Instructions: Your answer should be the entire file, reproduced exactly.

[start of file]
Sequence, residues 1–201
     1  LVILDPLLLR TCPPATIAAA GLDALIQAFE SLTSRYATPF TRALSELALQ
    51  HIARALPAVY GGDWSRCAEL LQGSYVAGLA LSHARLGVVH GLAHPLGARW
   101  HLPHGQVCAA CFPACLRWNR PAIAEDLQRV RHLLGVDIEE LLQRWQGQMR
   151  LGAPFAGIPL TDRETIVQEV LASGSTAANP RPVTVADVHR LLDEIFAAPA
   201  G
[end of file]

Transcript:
Sequence, residues 1–201
     1  LVILDPLLLR TCPPATIAAA GLDALIQAFE SLTSRYATPF TRALSELALQ
    51  HIARALPAVY GGDWSRCAEL LQGSYVAGLA LSHARLGVVH GLAHPLGARW
   101  HLPHGQVCAA CFPACLRWNR PAIAEDLQRV RHLLGVDIEE LLQRWQGQMR
   151  LGAPFAGIPL TDRETIVQEV LASGSTAANP RPVTVADVHR LLDEIFAAPA
   201  G